So to store the data locally I found WebSQL and HTML5 Web Storage to be my options. Although WebSQL looked perfect for storing and querying the data, it is actually being depreciated and will no longer be in use as a standard in future. So my mind was made up for me in that case.

Web Storage on the other hand seems very straightforward, but this would be the case as it does not include the more complex features of querying the data. Web Storage works by storing name / value pairs. So we can say colour = red, or age = 25, name / value.

Like I said this is straightforward but we cannot say give me all persons over the age of 20 for example there is no querying mechanism.

In actual fact there is no mechanism for even storing multiple persons with ages to begin with. The real structured data is left to the programmer to implement and like wise with querying the structured data.

So what approach did I use?

I decided to store the value of the data as a JSON string and the name would be the table name. So for my project this data needed to be fetched from the web server and stored locally using the Web Storage.

I setup a PHP web server that returned a JSON response upon request via the client. The client did this using JQuery standard Ajax request functions. When I got this JSON response from the server which was basically a dump of a particular database table on the server in JSON format.

I stored it in local storage using the particular database table name for the name value. So in the persons / ages example this would be Person = Encoded JSON string of all data in the server Person table.

So now we have all of data for a particular table from the server stored in local storage. I just repeat this process for all the tables I want to store locally. We now have our data.

But what about querying this data?

Well JQuery does not come, out of the box anyway, with functions for querying JSON data. So a developer might think, I know, I will decode the JSON string and write my own functions for querying this data, possibly by putting the data into foreach loops and returning the records when the data matches the developers expectations. Well that is one way to do it however I am not sure how efficient that would be.

Looping through lots of data just to find single records cannot be very efficient however this is JQuery (Javascript) we are talking about, it is not as if it was designed to do this kind of thing anyway, plus Javascript processing power is becoming more powerful as a whole now in modern day browsers.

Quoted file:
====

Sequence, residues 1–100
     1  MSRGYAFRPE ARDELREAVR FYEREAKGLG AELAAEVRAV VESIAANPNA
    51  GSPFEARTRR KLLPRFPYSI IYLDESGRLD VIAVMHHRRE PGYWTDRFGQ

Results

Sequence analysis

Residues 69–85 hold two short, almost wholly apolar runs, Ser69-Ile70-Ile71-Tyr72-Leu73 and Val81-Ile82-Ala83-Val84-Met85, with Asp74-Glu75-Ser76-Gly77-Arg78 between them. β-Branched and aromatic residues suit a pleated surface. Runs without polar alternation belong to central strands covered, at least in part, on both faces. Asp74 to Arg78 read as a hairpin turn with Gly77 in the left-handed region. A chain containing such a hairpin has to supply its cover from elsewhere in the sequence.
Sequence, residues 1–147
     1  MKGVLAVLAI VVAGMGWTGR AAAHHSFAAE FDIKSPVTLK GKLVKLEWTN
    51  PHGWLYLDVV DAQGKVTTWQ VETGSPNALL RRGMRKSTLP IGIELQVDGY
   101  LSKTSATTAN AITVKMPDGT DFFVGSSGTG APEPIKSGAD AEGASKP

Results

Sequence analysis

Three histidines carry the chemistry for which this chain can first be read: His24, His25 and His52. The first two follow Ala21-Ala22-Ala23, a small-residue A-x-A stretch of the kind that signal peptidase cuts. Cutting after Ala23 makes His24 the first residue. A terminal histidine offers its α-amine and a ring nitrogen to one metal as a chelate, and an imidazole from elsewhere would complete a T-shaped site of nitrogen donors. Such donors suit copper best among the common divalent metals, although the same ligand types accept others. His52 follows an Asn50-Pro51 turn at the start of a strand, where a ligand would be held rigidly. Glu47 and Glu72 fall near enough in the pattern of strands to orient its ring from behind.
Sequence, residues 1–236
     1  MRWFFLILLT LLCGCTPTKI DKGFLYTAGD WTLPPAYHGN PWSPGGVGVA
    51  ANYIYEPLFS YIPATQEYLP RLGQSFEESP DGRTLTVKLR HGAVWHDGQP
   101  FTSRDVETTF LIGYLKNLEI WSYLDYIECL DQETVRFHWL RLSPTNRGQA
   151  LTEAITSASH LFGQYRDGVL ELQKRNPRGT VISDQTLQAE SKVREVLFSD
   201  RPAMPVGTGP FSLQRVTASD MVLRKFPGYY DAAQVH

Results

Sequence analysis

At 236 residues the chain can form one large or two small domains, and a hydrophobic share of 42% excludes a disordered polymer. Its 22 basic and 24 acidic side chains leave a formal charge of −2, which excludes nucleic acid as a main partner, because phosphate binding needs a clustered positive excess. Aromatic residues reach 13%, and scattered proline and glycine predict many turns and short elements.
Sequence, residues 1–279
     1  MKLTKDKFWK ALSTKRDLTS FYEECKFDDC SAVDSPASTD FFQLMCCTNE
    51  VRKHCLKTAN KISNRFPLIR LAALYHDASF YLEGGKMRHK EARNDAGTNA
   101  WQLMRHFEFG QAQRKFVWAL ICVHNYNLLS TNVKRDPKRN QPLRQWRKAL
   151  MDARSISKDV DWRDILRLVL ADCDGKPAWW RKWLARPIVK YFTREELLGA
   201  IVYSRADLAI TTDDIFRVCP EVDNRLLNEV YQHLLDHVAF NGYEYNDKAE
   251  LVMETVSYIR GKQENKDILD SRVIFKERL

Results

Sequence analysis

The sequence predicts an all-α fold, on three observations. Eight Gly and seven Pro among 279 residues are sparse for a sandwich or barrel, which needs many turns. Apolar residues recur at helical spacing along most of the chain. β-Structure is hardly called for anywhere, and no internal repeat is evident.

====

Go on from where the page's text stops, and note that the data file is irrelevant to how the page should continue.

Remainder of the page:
It is still not a server side language though and does not query a real database like MySQL which was designed for efficiency, but this is not expected of Javascript anyway.

I do not want to talk about efficiency too much as it is easy to slate querying data this way when a lot of internal libraries might just be doing the same thing under the hood anyway. I cannot imagine there being another way to do it with standard Javascript / JQuery when it comes to the rock bottom.

Anyways enough talk of how querying the decoded JSON data might be handled at a lower level. We as developers have libraries for this kind of thing and luckily someone has written a plugin to do this task anyway called json-sql. Here is the link to the library …

www.trentrichardson.com/jsonsql/

The json-sql library allows the developer to query a JSON string using SQL like syntax. Admittedly it only includes a very small subset of the standard SQL functions but it is most certainly good enough for most purposes, selecting, ordering and where clause. So I used this library to query my JSON data.

So that is pretty much it, the project has a web server which sends JSON responses to the client, data is stored in JSON strings in the client local Web Storage and the data is queried using the json-sql library before being displayed to the user.

This is the way I implemented a server / client, DB synchronized, local storage web software application.